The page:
Key Differences Between Server and Desktop Online Storage
Many people are saying that 2013 will be the “break-out” year for cloud storage. A number of factors are pushing online data storage offerings – including file sharing, backup, archiving and more – beyond the consumer and small business market and into big business datacenters.
Below, I’d like to highlight some of the key differences which set server and desktop/laptop online backup and storage services apart, in hopes that this might give you some insight into how the space has developed and evolved over the years.
Desktop Online Backup
In the past, most work was done inside of the office, on company-owned PCs. But in recent years, there has been a dramatic shift where employees are permitted or even encouraged to perform work remotely. The new “digital natives” generation has also entered the workforce with new ways of working, and companies must be flexible in offering collaboration tools in order to attract, retain and maximize the productivity of top talent.
Online backup – in both private and public cloud flavors – helps solve the governance problems associated with having many remote workers. Online backup allows all of the critical business documents which are created outside of the office to be protected and monitored through a centralized system. Gone are the days when employees would wait until they came into the office before transferring their files to the mapped network drive. Proper governance demands that this process be automated and tightly controlled. If someone gets their laptop stolen, at least you’ll still retain your corporate knowledge assets.
Online file sharing is also important for eliminating many of the logistical headaches which came from forwarding email attachments back and forth. Now, everyone knows which document revisions are up-to-date, and mailboxes no longer get filled with duplicate copies of redundant files. Another advantage of online file sharing is that very large files or documents can be shared in a way that would’ve been impractical with email attachments.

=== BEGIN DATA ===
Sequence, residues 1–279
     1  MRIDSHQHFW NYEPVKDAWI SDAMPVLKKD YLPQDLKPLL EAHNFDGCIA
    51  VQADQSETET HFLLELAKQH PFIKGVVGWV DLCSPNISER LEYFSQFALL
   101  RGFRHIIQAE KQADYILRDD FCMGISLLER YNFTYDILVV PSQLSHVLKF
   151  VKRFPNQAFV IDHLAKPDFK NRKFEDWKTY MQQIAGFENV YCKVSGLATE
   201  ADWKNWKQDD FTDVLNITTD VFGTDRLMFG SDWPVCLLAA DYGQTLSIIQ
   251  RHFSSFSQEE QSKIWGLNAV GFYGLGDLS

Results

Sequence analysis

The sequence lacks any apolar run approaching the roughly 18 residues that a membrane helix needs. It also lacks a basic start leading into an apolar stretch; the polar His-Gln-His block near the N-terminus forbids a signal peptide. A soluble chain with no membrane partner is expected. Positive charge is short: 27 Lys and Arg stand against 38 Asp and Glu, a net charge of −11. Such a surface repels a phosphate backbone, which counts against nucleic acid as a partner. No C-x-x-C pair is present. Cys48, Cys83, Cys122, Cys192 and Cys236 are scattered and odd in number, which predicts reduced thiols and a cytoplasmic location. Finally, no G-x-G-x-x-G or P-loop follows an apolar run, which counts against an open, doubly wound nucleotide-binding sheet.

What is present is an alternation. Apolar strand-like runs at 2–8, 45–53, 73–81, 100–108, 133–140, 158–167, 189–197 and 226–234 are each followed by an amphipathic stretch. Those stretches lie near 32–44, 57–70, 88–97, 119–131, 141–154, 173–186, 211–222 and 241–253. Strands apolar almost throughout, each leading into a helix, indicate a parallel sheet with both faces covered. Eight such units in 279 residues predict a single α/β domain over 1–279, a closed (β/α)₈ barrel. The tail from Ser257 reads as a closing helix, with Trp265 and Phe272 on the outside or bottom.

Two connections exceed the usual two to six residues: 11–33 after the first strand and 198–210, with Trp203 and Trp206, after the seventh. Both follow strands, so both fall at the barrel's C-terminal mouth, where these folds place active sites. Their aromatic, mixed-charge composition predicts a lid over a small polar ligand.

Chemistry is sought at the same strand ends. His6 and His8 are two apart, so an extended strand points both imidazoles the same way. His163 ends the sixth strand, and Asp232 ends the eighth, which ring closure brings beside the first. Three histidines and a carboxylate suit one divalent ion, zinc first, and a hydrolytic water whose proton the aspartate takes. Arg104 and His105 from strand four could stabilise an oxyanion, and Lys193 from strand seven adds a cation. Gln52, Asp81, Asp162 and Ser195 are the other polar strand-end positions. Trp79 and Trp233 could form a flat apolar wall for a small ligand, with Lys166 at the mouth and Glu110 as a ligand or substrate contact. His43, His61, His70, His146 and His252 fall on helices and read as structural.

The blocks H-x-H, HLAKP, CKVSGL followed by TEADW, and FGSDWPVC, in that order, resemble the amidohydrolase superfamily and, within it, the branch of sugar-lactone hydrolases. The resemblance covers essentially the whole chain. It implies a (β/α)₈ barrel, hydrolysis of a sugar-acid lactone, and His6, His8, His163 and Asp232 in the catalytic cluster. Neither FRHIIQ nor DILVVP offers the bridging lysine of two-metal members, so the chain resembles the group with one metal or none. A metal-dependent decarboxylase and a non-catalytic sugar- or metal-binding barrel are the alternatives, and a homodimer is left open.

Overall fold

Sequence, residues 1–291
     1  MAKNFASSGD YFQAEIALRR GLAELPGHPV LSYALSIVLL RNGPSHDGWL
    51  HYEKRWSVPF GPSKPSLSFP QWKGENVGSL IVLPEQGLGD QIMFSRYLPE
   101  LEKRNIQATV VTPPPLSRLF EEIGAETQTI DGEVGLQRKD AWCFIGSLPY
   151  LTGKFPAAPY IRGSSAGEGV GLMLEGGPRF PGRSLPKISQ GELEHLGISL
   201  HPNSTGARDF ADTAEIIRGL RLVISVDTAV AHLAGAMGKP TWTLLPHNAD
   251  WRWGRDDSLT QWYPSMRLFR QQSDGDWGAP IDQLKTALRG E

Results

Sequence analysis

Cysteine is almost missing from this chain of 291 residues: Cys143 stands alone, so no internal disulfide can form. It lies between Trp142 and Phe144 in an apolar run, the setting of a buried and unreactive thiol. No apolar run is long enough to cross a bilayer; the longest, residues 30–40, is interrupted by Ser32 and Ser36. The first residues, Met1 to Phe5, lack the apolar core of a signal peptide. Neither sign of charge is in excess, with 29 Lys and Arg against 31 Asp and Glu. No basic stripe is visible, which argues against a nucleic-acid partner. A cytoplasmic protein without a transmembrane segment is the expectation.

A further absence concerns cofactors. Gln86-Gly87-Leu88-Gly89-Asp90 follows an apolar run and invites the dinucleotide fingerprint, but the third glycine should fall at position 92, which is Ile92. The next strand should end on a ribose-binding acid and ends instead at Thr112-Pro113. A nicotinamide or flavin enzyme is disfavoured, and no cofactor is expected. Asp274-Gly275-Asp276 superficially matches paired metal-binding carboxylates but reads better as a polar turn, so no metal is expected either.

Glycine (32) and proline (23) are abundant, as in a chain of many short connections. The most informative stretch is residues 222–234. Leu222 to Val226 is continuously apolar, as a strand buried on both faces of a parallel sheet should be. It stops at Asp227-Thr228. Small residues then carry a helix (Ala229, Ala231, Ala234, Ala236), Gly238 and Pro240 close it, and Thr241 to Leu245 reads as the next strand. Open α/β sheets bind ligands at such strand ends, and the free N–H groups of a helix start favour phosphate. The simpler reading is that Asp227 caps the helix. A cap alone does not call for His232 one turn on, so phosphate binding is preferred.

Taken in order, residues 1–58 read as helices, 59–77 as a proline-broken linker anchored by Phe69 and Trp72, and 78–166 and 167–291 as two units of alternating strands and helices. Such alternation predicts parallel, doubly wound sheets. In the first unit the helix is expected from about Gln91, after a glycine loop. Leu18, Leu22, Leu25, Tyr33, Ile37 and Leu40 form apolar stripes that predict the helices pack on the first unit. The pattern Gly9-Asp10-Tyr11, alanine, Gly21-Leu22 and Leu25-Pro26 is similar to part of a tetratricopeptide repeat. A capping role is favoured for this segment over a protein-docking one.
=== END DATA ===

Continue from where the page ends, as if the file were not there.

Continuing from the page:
Whether you like it or not, employees are going to use online file sharing services. Companies need to be proactive in providing these tools to employees in order to prevent corporate data from ending up on undocumented or improvised file sharing accounts which are outside of the IT department’s control. These kinds of arrangements can raise issues for compliance, security and privacy.
Server Online Backup
In the datacenter, data protection priorities are somewhat different. Servers never leave the office, and their administration is tightly controlled. Here is where the largest and most sensitive data stores reside.
However, manual tape-based backup processes are vulnerable to procedural mistakes and media failure. In the age of rapid data growth, automation is absolutely essential for eliminating risk and reducing backup costs.
Globalization has also caused a shift in the way datacenters are managed. Previously, offices operated on a 9-5 schedule. It was perfectly acceptable to take servers offline at 7 in order to perform a few hours of backup and standard maintenance. But today, the business world runs around the clock. Long backup windows are out of the question.
Additionally, this 24-hour schedule has greatly reduced the tolerance for unplanned downtime amongst companies. A 5 hour window to rebuild a critical server is highly undesirable.
Modern server online backup solutions tend to be more focused on reduction of backup recovery times. This is accomplished through several different means. Sometimes, you may have the option of hosting an appliance for fast on-site recoveries, and other options can even replicate your servers to a public cloud datacenter for on-demand emergency failover capacity.
Another category of server online backup may be more similar to their desktop counterparts, but with server-specific features. For example, you may require special recovery options for email accounts or database tables. Also, the use of hypervisors and virtual machines are creating new backup challenges which server online backup services are particularly well-suited to address.
Finally, cloud storage is perfect for tackling tough compliance challenges. Performing electronic discovery on format-neutral cloud storage is much more convenient than manually sorting through archival storage devices… and the on-demand computing capacity offered by the cloud also makes these discovery searches much more cost-effective.
As you can see, server and desktop online backup options have evolved a lot over the years… and both have grown to become distinct and suited to their own specialized sets of challenges.
By Paul Rudo,
Paul Rudo is the editor at Enterprise Features, a leading IT blog covering many aspects of cloud computing, big data and emerging technology.
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